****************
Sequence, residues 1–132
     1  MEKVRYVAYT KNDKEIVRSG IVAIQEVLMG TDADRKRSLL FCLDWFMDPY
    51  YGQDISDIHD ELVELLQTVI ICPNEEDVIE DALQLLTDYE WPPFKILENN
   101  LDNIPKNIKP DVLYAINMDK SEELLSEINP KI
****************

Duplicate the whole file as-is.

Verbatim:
Sequence, residues 1–132
     1  MEKVRYVAYT KNDKEIVRSG IVAIQEVLMG TDADRKRSLL FCLDWFMDPY
    51  YGQDISDIHD ELVELLQTVI ICPNEEDVIE DALQLLTDYE WPPFKILENN
   101  LDNIPKNIKP DVLYAINMDK SEELLSEINP KI